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The time has come – your teen is officially ready to get behind the wheel. For many parents, this is an exciting but frightening time. For teens, it’s often the freedom they have been yearning for. While you both manage these emotions, you must take an active role in teaching your child how to properly operate a car. It goes beyond knowing how to yield or do a three-point turn. What you really want to instill in your teen driver is the importance of staying alert on the road and avoiding distractions. Motor vehicle accidents are most common among teenagers between 16 and 19 years of age – more than any other age group. The risk of an accident is even higher for drivers who have recently obtained their license. With this in mind, you want to do everything you can to ensure your teen will be safe on the road.

Be the Example You Want to See

One great way to start is by setting a good example for your teenager early on. When you are in the driver’s seat, make sure to follow all the rules and practice safe driving techniques. In turn, this will encourage your child to do the same when he or she is behind the wheel. If you exhibit poor and dangerous driving habits such as texting while driving and cutting drivers off, it sets a precedent for your teenager to mirror the same behavior. To promote positive driving behaviors, take note of how you can improve your driving and start displaying the behavior you would want your teen to follow.

Once you start taking the road with your teen driver behind the wheel, make sure you provide positive feedback. Driving on the road can be frightening for teen drivers. Until they have built up the confidence, be their cheerleader. Praise them for making smart and cautious driving decisions. When it comes to critiquing a negative behavior, such as speeding, consider the manner in which you present this critique. Instead of saying something like, “No! That’s not how you switch lanes. You’re doing it wrong,” allow them to realize it for themselves. This can mean asking if they looked in their rearview mirrors or put their blinkers on before switching lanes.

The goal of this subtle corrective approach is not to add to their fear but instead, provide a safe space where they can learn from their mistakes and remain aware of their surroundings. Taking it a step further, it’s important to encourage self-reflection and awareness after a lesson. Once you have returned home, ask your teens to describe what they need to work on and scenarios in which they could have acted differently. This can help them take note of needed improvements.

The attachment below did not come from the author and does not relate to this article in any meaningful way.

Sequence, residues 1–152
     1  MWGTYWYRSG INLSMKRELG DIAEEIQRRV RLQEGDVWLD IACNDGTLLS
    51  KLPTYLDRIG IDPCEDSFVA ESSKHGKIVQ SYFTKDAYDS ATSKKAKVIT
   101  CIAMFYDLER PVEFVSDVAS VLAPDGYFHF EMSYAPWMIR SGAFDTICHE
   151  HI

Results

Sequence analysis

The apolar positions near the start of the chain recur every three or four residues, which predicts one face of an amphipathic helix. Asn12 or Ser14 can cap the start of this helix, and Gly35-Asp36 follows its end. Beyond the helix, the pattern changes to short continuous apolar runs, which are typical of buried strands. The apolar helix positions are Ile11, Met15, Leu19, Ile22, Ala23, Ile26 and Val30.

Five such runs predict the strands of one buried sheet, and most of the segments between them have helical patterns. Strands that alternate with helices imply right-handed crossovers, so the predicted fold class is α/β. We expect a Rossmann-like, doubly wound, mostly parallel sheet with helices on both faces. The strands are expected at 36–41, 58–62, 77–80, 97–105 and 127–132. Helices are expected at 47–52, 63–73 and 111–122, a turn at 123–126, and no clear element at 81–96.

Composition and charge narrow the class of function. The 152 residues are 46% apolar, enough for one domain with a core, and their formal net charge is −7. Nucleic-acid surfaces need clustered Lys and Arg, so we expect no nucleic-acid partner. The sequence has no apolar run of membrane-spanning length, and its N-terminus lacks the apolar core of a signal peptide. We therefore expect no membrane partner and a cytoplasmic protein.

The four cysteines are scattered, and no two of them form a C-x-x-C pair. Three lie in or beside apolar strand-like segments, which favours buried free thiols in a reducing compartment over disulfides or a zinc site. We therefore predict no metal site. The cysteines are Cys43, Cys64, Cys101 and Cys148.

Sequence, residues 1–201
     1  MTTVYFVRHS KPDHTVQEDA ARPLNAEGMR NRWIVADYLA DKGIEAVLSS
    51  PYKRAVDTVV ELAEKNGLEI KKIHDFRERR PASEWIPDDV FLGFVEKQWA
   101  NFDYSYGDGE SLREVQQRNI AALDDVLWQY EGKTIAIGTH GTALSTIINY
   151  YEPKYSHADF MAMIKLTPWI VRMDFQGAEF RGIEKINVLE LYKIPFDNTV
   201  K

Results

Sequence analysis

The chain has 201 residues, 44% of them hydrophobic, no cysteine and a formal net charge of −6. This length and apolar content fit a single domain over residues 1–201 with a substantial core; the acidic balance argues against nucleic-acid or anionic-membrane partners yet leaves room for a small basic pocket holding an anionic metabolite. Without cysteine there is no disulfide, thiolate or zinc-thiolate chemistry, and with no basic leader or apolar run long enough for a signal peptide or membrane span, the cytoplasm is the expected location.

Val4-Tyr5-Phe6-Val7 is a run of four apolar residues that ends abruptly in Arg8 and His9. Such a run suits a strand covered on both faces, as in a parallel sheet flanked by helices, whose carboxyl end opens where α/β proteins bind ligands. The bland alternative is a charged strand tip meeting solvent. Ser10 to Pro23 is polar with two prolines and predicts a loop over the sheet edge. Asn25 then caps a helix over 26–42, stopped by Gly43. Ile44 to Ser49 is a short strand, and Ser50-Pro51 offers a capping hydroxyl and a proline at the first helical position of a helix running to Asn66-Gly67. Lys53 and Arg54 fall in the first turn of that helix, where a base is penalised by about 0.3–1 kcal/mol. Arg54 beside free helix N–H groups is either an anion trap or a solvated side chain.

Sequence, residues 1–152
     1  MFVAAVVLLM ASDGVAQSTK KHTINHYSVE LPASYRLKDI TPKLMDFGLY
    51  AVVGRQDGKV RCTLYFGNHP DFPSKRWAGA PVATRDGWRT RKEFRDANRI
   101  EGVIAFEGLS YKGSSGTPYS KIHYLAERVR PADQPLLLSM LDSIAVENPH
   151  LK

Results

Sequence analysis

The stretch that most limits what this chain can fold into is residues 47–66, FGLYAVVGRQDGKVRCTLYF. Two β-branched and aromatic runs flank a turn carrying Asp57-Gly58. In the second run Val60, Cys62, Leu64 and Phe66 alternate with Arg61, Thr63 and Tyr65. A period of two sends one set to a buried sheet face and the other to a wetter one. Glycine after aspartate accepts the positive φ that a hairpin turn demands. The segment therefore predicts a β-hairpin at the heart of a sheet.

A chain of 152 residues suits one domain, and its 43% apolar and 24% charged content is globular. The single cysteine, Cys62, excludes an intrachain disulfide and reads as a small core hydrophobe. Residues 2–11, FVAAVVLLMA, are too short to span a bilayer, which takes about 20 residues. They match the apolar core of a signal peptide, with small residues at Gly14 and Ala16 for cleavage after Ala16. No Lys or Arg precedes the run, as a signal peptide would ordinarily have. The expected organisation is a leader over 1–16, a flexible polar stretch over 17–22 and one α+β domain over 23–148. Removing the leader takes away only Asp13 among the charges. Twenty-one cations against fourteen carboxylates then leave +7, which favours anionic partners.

Know When to Seek Professional Help

If you’re apprehensive about driving with your teen driver, that’s understandable. There’s another option: enroll your teen in a driver’s education program. In most states, the program is mandatory to obtain a learner’s permit. Through the course, teen drivers will participate in a classroom portion to learn driving concepts and laws, along completing a behind-the-wheel portion for hands-on experience. With the guidance of a licensed instructor, teenage drivers can learn how to safely operate a vehicle and what habits to avoid.

Practice in Not-So-Perfect Conditions Makes Perfect

While on the topic of habits, many parents follow the same driving routine when teaching their teens how to drive. However, drivers are exposed to various traffic conditions on a regular basis. As such, it’s important to expose your teenager to some of them while you are there to supervise. Situations like driving in the rain, at night or a crowded highway come with their own set of challenges – and you do not want them facing this for the first time alone. With this in mind, you should prepare them for these types of situations and offer guidance as needed. This will help your teen driver gain confidence and become more comfortable on the road.

Furthermore, your newly licensed teen should also know how to proceed in the case of a flat tire or car accident. This will give both of you the peace of mind in knowing they will know what to do in the case of an emergency. For instance, changing out a flat tire should only take a few minutes. However, a clueless driver may spend hours stranded on the side of the road as they wait for someone to pick them up. A simple solution to this scary scenario is having them perform this step during their training period. The steps to complete various car repairs can be found online. Once they are familiar with the information, have them practice on your vehicle until they are comfortable. This can also be applied to learning how to change the oil or windshield wipers.

Ultimately, helping your teen become a better driver can seem daunting for both of you. However, by using some of these simple steps, you can be confident your teenager will be ready to drive on their own.

 

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